Let’s move across to my response or comments on a couple of other things. First of all, JIA, man, I mean, this is one heck of a thing to get when you are eight years old. So, I encourage you to watch one of our podcasts which went out and it was with a lady called Christine. She has a son called Cole and he was only five when he got diagnosed with JIA and then he was put on, through his mum, our program, which, as a footnote, is not designed for children. It’s designed for adults but under the right conditions, the right changes that I, at the moment, only release to parents upon request… it’s not… I don’t want parents grabbing our program and doing it for kids without my “Hey, these are the things I want you to know first.” But she followed all of those modifications, she followed the program with him and now she’s on Instagram and sharing all of his amazing progress that he’s made. So, he’s now on no drugs and he’s running around doing kickboxing and he’s in, basically, perfect condition.

So, I want to add a second footnote to that to say that you should not feel that your parents made any wrong choices with your situation or that they were naïve. I mean, even with the right information, the pressures on parents with children with JIA is astronomical because it’s not them and, as parents, we become hypersensitive and hyper over-caring to our children’s situation. We always err on the side of caution and so I find myself thinking these ways and can relate to parents with JIA who would be in an extrapolated version of this but when the doctor says, “You really need to get those immunizations because of this, this and this,” or, “You really should take antibiotics because of this, this and this.” And actually, thankfully, our daughter, who’s two and a half, has never had antibiotics, never needed to but you can feel yourself thinking, “You know what? It’s my child. I’ve just got to listen to the authorities.” And, look, that’s why they’re there and that’s great.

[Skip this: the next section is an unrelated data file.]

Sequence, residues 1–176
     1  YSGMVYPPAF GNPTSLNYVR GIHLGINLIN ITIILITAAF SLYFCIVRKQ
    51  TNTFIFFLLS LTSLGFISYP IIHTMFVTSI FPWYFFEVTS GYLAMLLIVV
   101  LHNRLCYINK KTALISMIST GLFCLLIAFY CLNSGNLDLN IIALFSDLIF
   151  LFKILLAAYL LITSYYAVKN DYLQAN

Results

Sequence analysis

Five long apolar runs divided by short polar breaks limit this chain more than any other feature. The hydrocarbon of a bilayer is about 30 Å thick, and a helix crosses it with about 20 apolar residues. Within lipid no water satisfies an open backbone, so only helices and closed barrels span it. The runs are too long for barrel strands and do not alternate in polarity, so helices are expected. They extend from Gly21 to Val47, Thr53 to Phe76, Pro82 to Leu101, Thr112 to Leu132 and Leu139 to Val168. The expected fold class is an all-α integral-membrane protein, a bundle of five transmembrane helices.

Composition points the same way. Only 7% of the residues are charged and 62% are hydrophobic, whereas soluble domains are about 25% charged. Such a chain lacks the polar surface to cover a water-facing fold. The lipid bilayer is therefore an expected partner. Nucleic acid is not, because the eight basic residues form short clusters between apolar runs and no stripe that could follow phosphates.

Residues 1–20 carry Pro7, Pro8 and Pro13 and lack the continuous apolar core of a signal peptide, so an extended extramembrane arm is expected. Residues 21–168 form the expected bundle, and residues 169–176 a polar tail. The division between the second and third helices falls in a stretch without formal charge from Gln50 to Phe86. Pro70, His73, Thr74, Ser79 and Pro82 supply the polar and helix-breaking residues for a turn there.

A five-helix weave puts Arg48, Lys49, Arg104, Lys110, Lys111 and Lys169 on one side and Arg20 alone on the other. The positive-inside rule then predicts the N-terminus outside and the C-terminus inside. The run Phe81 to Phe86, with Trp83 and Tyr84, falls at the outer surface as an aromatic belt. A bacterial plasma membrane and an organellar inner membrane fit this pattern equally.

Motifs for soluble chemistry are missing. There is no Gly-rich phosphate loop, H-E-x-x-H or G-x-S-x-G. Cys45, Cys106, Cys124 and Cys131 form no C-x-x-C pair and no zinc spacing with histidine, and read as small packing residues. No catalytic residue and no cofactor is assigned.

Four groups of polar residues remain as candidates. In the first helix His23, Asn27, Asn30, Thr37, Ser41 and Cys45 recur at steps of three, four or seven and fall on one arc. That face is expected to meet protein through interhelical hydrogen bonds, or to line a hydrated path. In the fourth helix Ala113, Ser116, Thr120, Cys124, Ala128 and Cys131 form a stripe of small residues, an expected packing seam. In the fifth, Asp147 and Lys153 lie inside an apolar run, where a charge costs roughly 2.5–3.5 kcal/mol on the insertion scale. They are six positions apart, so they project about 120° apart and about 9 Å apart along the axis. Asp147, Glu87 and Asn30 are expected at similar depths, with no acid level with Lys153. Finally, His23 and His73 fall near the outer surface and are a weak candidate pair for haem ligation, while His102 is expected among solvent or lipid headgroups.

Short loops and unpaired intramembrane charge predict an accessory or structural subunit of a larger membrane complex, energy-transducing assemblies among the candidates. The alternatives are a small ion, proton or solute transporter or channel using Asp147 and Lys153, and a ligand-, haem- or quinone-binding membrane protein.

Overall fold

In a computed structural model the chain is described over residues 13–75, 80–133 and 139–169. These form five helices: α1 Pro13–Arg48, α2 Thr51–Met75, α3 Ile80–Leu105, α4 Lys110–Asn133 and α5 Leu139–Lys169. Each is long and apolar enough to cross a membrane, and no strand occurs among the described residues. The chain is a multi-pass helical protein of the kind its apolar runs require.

So, the pressure when there’s a child with JIA on the parents is so enormous that doing something that’s outside of the conventional treatment, even if it is only in parallel to the medical drug approach, seems risky and it… that’s… so, I just wanted to make that comment as well because I know we have listeners who have kids with JIA and it is a big challenge. It’s even bigger than when you’ve got it yourself.